Obsolete electronics get a second life with eCycling
Consider this: Americans own nearly 3 billion electronic products, according to the U.S. Environmental Protection Agency (EPA). That's about 24 electronic products per household.1
For every new cell phone, MP3 player, video game system, television, etc. that comes along, another becomes obsolete. In fact, every year U.S. consumers discard 2.25 million tons of electronics. Of those, only 18 percent (about 414,000 tons) are properly recycled. The rest end up in landfills where they account for about 2 percent of the municipal solid waste stream, EPA estimates.
"There's really a need to educate consumers about the importance of properly recycling electronics and provide them with easy ways to recycle their obsolete products," said Don Argo, Pella Corporation's recycling champion. "That's why Pella began sponsoring annual eCycling events to help people safely recycle and improve the environment in the process."
eCycle for Earth Day
Pella Corporation sponsors annual community electronic recycling, or eCycling, events to encourage employees and local residents to safely recycle obsolete electronics. The event coincides with Earth Day each April and has expanded to include five communities in Iowa and Illinois where Pella® Window and Door manufacturing plants are located.
In 2011, more than 630 homes participated in eCycling events — bringing nearly 2,400 items to be recycled. Televisions were the most popular item to recycle, following by personal computers and computer monitors.
Since the first eCycling event in 2005 in Pella, Iowa, more than 310,296 pounds (or 155.2 tons) of electronics have been diverted from landfills and safely recycled. Pella teams up with area businesses to offer the free event to local residents. Donations are collected for environmental awareness programs in each community.
New life for old electronics
Almost all the materials used to manufacture electronic products – including metals, plastics and rechargeable batteries – can be recovered to make new products, according to EPA's eCycling site.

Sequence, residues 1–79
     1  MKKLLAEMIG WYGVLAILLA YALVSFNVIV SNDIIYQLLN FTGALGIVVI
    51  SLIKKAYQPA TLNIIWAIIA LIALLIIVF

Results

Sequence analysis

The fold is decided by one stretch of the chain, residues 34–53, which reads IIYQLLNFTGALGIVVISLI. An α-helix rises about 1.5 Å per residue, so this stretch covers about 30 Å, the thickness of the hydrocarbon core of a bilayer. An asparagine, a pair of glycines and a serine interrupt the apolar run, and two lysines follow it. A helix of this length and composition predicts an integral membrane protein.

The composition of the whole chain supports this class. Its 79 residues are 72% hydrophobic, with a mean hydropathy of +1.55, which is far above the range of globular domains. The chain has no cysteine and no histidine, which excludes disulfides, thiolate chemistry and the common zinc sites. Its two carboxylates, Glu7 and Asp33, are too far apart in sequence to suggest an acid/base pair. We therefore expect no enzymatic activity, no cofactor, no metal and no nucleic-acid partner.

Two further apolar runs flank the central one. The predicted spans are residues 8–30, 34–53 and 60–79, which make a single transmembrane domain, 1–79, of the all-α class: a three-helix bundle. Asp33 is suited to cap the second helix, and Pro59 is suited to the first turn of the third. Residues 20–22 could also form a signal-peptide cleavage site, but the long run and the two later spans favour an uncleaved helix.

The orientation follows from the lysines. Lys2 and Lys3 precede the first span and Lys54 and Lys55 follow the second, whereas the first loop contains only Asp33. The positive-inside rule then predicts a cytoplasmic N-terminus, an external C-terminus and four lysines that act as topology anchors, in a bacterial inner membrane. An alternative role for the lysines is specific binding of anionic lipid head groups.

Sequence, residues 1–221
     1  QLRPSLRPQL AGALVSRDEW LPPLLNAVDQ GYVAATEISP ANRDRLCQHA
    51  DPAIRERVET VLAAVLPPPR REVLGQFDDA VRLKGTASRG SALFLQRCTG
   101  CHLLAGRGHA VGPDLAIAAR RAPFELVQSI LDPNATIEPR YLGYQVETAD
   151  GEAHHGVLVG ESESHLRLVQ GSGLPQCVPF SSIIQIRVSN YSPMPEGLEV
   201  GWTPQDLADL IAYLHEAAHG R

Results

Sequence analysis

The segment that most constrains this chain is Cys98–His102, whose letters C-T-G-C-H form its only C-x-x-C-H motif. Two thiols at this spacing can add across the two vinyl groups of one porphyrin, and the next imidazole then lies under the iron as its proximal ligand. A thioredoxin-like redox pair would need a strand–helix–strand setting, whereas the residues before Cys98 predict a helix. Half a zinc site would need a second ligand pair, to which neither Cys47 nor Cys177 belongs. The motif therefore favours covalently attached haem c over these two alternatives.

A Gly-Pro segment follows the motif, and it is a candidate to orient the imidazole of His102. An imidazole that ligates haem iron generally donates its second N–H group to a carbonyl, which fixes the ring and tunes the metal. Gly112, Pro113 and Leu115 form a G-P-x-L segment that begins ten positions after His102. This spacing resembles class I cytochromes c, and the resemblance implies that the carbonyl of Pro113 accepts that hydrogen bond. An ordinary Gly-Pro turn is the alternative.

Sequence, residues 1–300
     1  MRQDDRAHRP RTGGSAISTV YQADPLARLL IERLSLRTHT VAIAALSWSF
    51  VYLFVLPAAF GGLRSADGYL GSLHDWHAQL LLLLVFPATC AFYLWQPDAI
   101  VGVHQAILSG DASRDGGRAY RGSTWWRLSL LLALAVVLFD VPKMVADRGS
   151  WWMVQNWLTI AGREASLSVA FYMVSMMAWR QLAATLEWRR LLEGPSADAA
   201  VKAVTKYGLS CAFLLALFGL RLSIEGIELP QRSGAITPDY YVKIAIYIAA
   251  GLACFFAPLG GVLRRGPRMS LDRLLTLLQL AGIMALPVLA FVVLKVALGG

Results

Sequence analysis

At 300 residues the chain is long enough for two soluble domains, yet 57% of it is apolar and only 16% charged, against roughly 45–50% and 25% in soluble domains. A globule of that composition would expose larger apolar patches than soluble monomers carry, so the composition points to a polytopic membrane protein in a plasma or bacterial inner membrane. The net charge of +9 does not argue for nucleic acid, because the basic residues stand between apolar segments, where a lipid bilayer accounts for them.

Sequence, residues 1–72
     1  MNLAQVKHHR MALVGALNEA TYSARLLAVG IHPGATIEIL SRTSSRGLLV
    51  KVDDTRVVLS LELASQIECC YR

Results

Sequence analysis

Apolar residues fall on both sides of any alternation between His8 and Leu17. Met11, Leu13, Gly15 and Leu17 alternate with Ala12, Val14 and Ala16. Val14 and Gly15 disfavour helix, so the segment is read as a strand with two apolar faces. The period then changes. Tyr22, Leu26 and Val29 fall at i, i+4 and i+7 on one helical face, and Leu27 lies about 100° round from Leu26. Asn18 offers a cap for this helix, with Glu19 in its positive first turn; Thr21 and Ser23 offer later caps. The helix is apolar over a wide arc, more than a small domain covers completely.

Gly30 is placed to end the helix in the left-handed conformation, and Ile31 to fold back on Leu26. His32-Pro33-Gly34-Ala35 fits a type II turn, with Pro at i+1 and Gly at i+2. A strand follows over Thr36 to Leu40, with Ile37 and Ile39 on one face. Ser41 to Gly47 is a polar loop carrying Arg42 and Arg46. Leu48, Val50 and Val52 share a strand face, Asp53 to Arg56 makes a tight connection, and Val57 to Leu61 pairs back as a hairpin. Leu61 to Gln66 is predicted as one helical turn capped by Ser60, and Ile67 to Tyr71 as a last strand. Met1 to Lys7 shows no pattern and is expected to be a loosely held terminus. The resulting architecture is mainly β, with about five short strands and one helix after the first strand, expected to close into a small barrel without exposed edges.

For instance, a cell phone can contain different metals, ranging from gold, silver and platinum to copper and zinc. These recovered metals can be used by other industries, like jewelry, plating, electronics, automotive and art foundries.
The plastics recovered from cell phones can be recycled into plastic components for new electronic devices or other plastic products like garden furniture, license plate frames, non-food containers and replacement automotive parts.
Pella Corp reduces waste, recycles
The annual eCycling event is an extension of a successful electronic recycling program established by Pella Corporation in 2000.
Since 1925, the company's goal has been to responsibly use its manufacturing resources, including wood, vinyl, fiberglass, glass, various kinds of metals and even sawdust.
Pella customized its recycling program to make it easier for team members to segregate recyclable materials – adding easily accessible recycling bins at key stages of the assembly line. Now byproducts and scrap materials are recycled by vendors into materials like pet bedding, reflective coating for highways and even archery targets.
Reuse and recycle tips
When you retire your computer, cell phone, MP3 player or other electronics, consider donating them to a new user. This not only extends the life of the electronic, but also maximizes the energy and resources that went into making it. Plus, you'll benefit from the satisfaction of giving an electronic item to a school, nonprofit organization or family that might not otherwise be able to afford it.
Before donating or recycling your electronics, the EPA advises you to:
- Copy and transfer needed files or information
- Remove any personal information from the device or request that the receiving organization remove the data
- Check with the receiving organization to make sure they will accept your donation. Some organizations have repair capabilities, but others only accept fully-functioning items.
- Locate and attach the owner's manual and any power cords and accessories that might be useful to the new owner.
Find a recycling program near you
There are many websites that help locate eCycling and other recycling programs in your local area, check out:
Many manufacturers and retailers provide opportunities to donate or recycle electronics. The EPA's Plug-In To eCycling Partners website provides program information from leading electronics retailers.
eCycling quick facts
- In 2007, the EPA reports that U.S. consumers recycled about 414,000 tons of electronics. Recycling that amount prevented the release of greenhouse gases equivalent to the annual emissions of more than 178,000 cars.
- Recycling one million desktop computers prevents the release of greenhouse gases equivalent to the annual emissions of 16,000 passenger cars, according to the EPA.
- Recycling one million laptop computers saves the energy equivalent to the electricity used by 3,657 U.S. homes in a year, according to the EPA.
- By recycling 100 million cell phones, approximately 7,500 pounds of gold could be recovered. Recovering that gold, instead of mining it from the earth, would prevent 12 billion pounds of loose soil, sand and rock from having to be moved, mined and processed, the EPA reports.
1Consumer Electronics Association. Market Research Report: Trends in CE Reuse, Recycle and Removal. April 2008.
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